A STAR IS BORN

Empire (Australasia) - - ON SCREEN - TERRI WHITE

DI­REC­TOR Bradley Cooper

CAST Lady Gaga, Bradley Cooper, Sam El­liott, Dave Chap­pelle, Andrew Dice Clay

PLOT Bradley Cooper is Jack­son Maine, a spi­ralling coun­try star who meets and falls in love with wait­ress/wannabe singer Ally (Lady Gaga). As the two fall in love, her star — with his help — is on the as­cen­dant, while his qui­etly sinks. Can their love save him? Or will he, and they, fall un­der the weight of his emo­tional pain and ad­dic­tion? DE­VEL­OP­MENT HELL IS lit­tered with vic­tims and, for a time, it looked as though A Star Is Born might join the pile of bro­ken bod­ies, with sev­eral huge-name di­rec­tors, ac­tors and singers linked with the project over the last decade.

This wasn’t a film to take on lightly. Pre­sent­ing, as it does, a very par­tic­u­lar weight, from its his­tory, to who­ever did man­age to haul it, still breath­ing, over the fin­ish line. This is the fourth A Star Is Born to make it into the world and it’s Ge­orge Cukor’s 1954 ver­sion star­ring Judy Gar­land that packed the great­est emo­tional punch. And it’s this one that 2018’s A Star Is Born shares most DNA with; the ver­sion brought to life by the per­haps-not-im­me­di­ately ob­vi­ous pair­ing of Bradley Cooper and Lady Gaga.

When we, and she, meet coun­try star Jack­son Maine (Cooper) — still pack­ing out sta­di­ums but, cer­tainly, you feel, no longer at his best — he’s swollen, pale, doughy, his eyes swim­ming, the wa­tery give­away of a barely func­tion­ing al­co­holic. In many fun­da­men­tal re­spects, Cooper’s un­recog­nis­able as the ac­tor we know. And never more so than when he first speaks: his voice a cou­ple of oc­taves lower than his nat­u­ral speak­ing voice.

He’s im­me­di­ately cap­ti­vated by Lady Gaga’s Ally (as are we), when she ap­pears in a drag bar per­form­ing ‘La Vie En Rose’ with painted black hair and stuck-on, su­per-arched eye­brows. So far, so Gaga. And herein lies the cen­tral ques­tion: can she, in her first fea­ture, pull off the char­ac­ter­i­sa­tion of a nor­mal, inse­cure girl who, while deep-down sure of her tal­ent, plays the com­ments of in­dus­try men — “you sound great but you don’t look so great” — on a loop in her head? Can she even re­mem­ber that girl?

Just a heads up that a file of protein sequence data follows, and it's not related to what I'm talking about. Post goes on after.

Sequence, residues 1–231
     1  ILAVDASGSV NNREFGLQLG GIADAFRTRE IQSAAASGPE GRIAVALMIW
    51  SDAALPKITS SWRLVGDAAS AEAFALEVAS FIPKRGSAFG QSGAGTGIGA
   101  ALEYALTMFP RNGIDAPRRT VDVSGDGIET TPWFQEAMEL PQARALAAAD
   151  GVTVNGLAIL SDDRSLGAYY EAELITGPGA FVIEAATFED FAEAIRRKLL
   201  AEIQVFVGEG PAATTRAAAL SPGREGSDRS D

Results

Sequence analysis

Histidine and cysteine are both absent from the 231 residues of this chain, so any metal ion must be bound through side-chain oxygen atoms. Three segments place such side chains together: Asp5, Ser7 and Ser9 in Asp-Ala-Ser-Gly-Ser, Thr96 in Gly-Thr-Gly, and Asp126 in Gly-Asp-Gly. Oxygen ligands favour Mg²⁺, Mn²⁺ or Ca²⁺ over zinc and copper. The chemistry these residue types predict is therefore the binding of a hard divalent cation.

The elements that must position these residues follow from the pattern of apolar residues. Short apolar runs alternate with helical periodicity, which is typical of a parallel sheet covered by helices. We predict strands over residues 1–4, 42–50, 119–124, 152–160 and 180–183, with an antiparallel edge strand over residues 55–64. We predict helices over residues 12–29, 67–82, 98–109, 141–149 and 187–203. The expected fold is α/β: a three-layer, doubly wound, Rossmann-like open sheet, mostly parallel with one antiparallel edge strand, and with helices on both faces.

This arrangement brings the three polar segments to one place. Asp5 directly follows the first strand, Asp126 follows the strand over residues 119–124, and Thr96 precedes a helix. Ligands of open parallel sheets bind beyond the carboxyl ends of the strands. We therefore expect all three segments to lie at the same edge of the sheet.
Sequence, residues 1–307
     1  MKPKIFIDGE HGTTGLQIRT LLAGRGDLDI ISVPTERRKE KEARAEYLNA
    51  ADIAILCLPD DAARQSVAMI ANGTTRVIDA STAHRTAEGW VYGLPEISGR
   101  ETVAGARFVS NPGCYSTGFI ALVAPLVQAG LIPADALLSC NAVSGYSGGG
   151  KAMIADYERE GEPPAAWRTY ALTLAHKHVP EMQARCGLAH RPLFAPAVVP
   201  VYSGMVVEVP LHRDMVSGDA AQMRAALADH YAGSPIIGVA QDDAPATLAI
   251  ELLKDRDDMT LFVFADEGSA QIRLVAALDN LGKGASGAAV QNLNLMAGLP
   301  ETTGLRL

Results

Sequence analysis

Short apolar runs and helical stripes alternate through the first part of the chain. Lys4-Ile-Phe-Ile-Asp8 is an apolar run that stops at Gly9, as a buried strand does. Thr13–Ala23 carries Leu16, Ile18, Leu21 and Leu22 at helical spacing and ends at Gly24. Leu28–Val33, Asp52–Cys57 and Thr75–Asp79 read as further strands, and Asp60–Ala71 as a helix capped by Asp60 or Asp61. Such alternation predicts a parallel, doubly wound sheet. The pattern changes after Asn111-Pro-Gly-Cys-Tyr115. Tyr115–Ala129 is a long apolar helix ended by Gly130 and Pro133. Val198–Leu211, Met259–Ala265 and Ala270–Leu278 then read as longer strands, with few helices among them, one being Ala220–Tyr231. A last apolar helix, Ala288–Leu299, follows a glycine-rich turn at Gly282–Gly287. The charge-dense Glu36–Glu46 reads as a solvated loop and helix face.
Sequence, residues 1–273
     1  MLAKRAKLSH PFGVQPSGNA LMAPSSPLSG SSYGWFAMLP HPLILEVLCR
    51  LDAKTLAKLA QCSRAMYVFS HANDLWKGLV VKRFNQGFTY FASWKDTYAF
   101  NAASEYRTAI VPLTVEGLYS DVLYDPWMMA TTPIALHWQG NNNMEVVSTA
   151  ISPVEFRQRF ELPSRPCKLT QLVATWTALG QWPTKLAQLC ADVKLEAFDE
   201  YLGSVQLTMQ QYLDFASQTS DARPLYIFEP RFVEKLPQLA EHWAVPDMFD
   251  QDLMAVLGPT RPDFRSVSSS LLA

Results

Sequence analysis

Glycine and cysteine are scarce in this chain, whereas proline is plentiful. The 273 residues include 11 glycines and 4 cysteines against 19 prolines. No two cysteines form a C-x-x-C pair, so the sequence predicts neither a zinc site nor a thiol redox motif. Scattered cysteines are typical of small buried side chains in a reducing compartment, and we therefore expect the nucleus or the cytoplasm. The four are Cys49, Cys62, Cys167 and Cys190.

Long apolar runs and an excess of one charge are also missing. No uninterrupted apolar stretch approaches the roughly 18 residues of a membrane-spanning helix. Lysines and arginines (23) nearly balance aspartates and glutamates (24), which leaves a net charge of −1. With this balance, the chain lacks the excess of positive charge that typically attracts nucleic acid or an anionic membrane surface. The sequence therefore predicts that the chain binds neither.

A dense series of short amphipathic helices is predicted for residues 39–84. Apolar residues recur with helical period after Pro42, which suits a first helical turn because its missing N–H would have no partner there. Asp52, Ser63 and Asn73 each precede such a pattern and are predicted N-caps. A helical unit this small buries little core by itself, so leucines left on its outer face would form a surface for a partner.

The an­swer is yes. She puts in a per­for­mance that is both com­pelling and well-crafted and ac­tu­ally, you pre­sume, pulls on her own rise. She brings a star­tling nat­u­ral­ism and light­ness of touch that is com­pletely at odds with her pub­lic per­sona; an ex­quis­ite mix­ture of dis­be­lief, cyn­i­cism, hope and ten­der vul­ner­a­bil­ity. Be­neath the bravado and bol­shi­ness lies the welts from pre­vi­ous re­jec­tions and dis­ap­point­ments; she tends to them at times and prods them at oth­ers, as her world changes beyond all recog­ni­tion.

But there are, un­doubt­edly, mo­ments when the­atri­cal­ity takes over — when she’s so com­fort­able in front of a big crowd that Ally is snuffed out and Lady Gaga sits straight-backed in her place. The spell is bro­ken, mo­men­tar­ily. Beyond this, the live scenes are elec­tric — they are some of the most be­liev­able, au­then­tic, dy­namic live per­for­mance scenes in cinema. A re­mark­able feat of both per­for­mance and film­mak­ing. While Gaga and par­tic­u­larly Cooper do much of the heavy-lift­ing, credit must be given to the edit­ing job done by Jay Cas­sidy (Sil­ver Lin­ings Play­book, Amer­i­can Hus­tle).

Though the ‘star’ of the ti­tle is un­doubt­edly Gaga, the star of the film is un­doubt­edly Bradley Cooper. He’s as­ton­ish­ing as a man crip­pled by life-long emo­tional trauma — the death of his mother, ad­dic­tion of his father and the de­bil­i­tat­ing tin­ni­tus and hear­ing con­di­tion he’s had since birth — the clear and present pain sit­ting just be­hind his eyes, tucked in the base of his neck as it bows to put on his cow­boy hat.

Ally is ill-equipped to deal with his drink­ing and the pain it masks (“You think he drinks a bit much?” says his brother Bobby, a phe­nom­e­nal Sam

El­liott, as he puts an un­con­scious

Jack­son to bed. “Sweetie, you have no idea”). But what’s clear is that Ally rep­re­sents the most hope he’s had for years. And the real tragedy lies be­tween the birth of that hope and its slow death as Jack­son’s ca­reer takes him back down the throat of a bot­tle and Ally’s puts her on bill­boards astride LA.

Ton­ally, there are rel­a­tively mi­nor stutters and bumps. Ally’s man­ager Rez (Rafi Gavron) is un­com­fort­ably close to be­ing a pan­tomime vil­lain (with cut-to-fit Bri­tish ac­cent): mould­ing her into an artist that sees her shelve her in­tegrity for hits and whis­per­ing darkly in Jack­son’s ear. An SNL per­for­mance and Gram­mys scene are glar­ingly bright in­tru­sions of mod­ern re­al­ity into a film that de­cid­edly, if not retro in feel, ben­e­fits from an ever­green vis­ual pal­ette. But mi­nor they are.

A Star Is Born may be a re­make, may even have had a tricky birth, but Cooper and Lady Gaga make the ma­te­rial feel fresh, ur­gent and full of soul. A film both for the ages and for 2018. And when the fi­nal emo­tional punch is thrown, you’ll be left reel­ing at the orig­i­nal­ity and heart on dis­play.

VER­DICT A re­mark­ably as­sured di­rec­to­rial de­but from Bradley Cooper who turns in a ca­reer-defin­ing per­for­mance op­po­site a promis­ing Lady Gaga. A re­make that cap­tures the tone and spirit of prior films, A Star Is Born still blazes its own heart­felt, au­then­tic path.

Gaga was a no­to­ri­ous close-talker.

Newspapers in English

Newspapers from Australia

© PressReader. All rights reserved.